9. Commission II Committee 2 (Assembly political and Security functions). After preliminary debate on powers of Assembly in relation to Security Council the Committee on Australia’s suggestion appointed Sub-Committee which prepared a list of nine questions to be answered in order to establish the principles on which this section of charter should be drafted. These questions are now being discussed. Before deciding to follow this procedure the Committee had accepted a composite amendment made up from a joint proposal by the Sponsoring Powers and a proposal by the United States to expand paragraph 6 of V (B) to give power to the Assembly subject to paragraph 1 of V (B) to initiate studies and to promote international co-operation and to ‘recommend measures for the peaceful adjustment of any situation regardless of origin which it deems likely to impair the general welfare including situations resulting from a violation of the purposes and principles set forth in the Charter’. At a later stage the Sponsoring Powers and France gave notice of their agreement to redraft paragraph 1 of V (B) but the terms of their proposal still do not wholly satisfy our amendment although making concession to point of view we have expressed. Our amendment is still prominently before Committee.

10. Commission II Committee 3 (Economic and Social Co-operation).

This Committee has recommended that Economic and Social Council be one of the principal organs and Committee I/2 has accepted the recommendation. General discussion in chapter IX (A) is proceeding. The Sponsoring Powers have moved to insert the reference to ‘respect for the principle of equal rights and self determination of peoples’ and to make the reference to fundamental freedoms read as follows:-‘Fundamental freedoms for all without distinction as to race, language, religion or sex’. All amendments were referred to the Drafting Sub-Committee on which we are represented and eventually following draft was approved by Committee.

11. Commission III Committee 4 (Trusteeship). Proposals on trusteeship have been presented by the United Kingdom, United States, Australia, France, China and the Soviet Union. The result will be reported later.

12. Commission III Committee 1 (Security Council, structure and procedures). The Sponsoring Powers submitted an amendment stating that in filling the non-permanent seats on the Council due regard should be ‘specially paid in the first instance to the contribution of members of the organisation towards the maintenance of International peace and security and towards the other purposes of the organisation and also the equitable geographical distribution’. This amendment recognises the two points for which we fought in London and on which we have insisted in all public statements. Having succeeded in principle we withdrew our amendment on the subject. Big Four amendment has been approved.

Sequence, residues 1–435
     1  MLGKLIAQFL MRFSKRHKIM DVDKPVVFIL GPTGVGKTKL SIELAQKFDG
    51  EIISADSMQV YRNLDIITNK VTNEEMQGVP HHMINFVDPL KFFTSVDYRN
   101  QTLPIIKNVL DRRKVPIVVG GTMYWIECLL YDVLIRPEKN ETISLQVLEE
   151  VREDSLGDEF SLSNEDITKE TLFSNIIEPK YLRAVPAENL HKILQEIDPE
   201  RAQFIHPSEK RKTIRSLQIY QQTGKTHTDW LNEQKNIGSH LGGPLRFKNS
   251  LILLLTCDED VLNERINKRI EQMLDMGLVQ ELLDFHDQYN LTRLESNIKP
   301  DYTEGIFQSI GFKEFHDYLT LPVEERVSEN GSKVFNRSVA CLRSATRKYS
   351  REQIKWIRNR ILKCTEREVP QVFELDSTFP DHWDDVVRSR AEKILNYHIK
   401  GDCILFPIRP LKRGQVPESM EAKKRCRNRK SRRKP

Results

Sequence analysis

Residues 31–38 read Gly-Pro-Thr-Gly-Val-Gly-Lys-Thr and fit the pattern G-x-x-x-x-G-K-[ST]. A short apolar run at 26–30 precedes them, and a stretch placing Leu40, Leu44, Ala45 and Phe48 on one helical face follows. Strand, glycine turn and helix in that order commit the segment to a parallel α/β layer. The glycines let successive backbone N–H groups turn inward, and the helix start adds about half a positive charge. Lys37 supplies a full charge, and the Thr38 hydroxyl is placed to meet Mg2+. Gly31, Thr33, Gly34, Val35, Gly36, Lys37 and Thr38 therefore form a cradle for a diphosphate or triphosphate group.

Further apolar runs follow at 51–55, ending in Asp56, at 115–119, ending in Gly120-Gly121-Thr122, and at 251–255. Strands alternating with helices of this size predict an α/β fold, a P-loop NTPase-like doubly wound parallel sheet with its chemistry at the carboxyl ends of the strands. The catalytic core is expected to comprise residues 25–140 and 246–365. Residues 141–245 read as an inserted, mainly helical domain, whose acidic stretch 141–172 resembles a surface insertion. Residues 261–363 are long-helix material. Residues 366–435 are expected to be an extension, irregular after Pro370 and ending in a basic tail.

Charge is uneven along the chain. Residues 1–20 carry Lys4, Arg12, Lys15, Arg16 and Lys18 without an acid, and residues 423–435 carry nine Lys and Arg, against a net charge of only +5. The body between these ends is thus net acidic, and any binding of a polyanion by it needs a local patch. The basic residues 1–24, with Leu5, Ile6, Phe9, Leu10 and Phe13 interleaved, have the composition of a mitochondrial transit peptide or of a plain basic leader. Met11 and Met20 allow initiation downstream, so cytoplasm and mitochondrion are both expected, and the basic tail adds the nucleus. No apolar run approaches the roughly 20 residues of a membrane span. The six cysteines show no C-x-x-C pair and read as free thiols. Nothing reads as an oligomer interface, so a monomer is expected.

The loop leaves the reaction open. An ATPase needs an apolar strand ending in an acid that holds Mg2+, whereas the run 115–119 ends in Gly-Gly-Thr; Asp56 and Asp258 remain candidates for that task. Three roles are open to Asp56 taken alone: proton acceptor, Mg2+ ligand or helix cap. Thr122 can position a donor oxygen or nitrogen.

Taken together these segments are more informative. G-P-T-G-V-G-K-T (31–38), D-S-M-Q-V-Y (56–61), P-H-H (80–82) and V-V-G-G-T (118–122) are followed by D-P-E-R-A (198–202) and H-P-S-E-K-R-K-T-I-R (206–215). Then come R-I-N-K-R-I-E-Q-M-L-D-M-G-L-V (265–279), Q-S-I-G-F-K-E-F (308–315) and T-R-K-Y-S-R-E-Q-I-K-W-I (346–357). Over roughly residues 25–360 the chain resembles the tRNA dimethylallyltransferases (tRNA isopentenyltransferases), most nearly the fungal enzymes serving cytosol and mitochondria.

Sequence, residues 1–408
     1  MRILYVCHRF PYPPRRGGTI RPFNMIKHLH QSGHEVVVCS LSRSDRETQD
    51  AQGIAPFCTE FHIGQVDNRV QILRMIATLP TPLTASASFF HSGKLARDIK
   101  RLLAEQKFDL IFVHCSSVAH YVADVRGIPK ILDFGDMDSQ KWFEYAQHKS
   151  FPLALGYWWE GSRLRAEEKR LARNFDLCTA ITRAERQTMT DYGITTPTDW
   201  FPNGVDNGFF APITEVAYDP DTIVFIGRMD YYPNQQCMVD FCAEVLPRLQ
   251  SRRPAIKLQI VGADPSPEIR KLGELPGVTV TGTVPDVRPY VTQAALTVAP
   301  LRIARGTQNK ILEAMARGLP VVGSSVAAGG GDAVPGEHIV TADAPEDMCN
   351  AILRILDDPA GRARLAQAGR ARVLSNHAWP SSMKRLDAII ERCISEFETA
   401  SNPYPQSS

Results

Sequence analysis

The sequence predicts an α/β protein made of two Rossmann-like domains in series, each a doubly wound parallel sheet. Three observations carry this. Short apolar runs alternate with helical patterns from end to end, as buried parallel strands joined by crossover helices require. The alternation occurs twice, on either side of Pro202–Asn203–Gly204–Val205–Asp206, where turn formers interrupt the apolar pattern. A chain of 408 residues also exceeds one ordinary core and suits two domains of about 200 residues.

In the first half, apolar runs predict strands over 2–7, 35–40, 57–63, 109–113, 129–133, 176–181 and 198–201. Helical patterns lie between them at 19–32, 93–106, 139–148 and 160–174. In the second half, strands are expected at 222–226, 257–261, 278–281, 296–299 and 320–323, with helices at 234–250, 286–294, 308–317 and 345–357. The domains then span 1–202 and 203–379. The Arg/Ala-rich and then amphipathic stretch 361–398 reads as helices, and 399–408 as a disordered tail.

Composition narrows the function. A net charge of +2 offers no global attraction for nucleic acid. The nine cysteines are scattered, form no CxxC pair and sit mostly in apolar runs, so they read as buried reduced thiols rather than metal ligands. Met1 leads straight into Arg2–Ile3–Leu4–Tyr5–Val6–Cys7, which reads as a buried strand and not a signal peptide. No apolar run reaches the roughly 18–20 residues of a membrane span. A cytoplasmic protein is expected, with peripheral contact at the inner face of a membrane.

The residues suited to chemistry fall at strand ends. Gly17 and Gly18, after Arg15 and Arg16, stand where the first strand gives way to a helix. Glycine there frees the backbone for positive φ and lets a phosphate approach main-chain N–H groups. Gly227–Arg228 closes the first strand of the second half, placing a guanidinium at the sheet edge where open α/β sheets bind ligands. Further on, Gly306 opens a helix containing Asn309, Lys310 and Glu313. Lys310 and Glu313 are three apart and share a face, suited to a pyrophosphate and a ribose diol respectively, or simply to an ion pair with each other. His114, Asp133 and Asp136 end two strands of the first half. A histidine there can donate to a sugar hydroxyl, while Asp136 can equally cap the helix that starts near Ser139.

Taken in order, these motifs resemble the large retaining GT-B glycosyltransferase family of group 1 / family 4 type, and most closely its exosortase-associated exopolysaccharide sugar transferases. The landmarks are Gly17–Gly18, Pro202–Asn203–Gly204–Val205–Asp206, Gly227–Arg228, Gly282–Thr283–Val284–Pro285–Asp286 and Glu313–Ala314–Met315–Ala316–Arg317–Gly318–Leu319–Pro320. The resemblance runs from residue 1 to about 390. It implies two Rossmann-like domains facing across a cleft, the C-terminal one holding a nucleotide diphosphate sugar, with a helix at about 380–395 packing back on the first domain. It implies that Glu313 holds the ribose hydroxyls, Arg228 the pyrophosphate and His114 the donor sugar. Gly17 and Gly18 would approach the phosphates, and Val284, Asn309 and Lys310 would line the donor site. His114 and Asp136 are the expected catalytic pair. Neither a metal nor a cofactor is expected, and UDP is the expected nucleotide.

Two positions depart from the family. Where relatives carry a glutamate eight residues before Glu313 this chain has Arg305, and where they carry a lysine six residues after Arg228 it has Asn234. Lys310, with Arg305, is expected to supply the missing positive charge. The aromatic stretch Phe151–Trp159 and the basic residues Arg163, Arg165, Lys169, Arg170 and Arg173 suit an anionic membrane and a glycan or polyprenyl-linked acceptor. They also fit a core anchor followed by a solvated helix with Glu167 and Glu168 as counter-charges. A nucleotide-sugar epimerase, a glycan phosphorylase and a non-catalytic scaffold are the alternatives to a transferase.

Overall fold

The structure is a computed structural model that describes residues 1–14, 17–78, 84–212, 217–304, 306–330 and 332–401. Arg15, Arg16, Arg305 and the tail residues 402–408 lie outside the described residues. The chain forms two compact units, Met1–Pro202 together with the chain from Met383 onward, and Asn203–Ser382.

13. Committee also gave detailed consideration to the first sentence of the paragraph setting out the total number of Security Council. For two days Latin American and Middle East Delegations spoke vehemently in favour of increasing the size of the Council and introduced several amendments to that effect. Overnight, however, they changed their minds and another meeting was occupied by the speeches they made in withdrawing all their amendments ‘in the interests of the Unity’. The original proposal for eleven members was agreed to by 36 votes to nil. It was obvious that some bargain had been struck. We had expressed no view on the issue but in common with five other Delegations including New Zealand we publicly abstained from voting in order to make it clear that we were not in any way associated with whatever bargaining had taken place and in order to retain our future liberty of action.

14. Voting procedure on Council is likely to become a major issue on this Committee during the next few days.

15. Commission III Committee 2 (Peaceful settlement). The Sponsoring Powers have proposed amendments to Chapter VIII (A) designed to have the following effect:-

(A) A new paragraph to give the Security Council at the request of the parties to a dispute the power to make recommendations concerning its settlement even if the continuance of the dispute is not likely to endanger maintenance of peace;

(B) An addition to paragraph 2 requiring a non-member to accept the obligations of the Charter in case it has brought any dispute to the attention of the World Organisation;

(C) A revision of paragraph 4 to make it clear that the intention of this paragraph is that if a dispute is not settled by the means indicated in paragraph 3 the parties should be obligated to refer it to the Security Council with the object of obtaining a peaceful settlement. The Security Council then might not only recommend procedures but also the actual terms on which the dispute should be settled;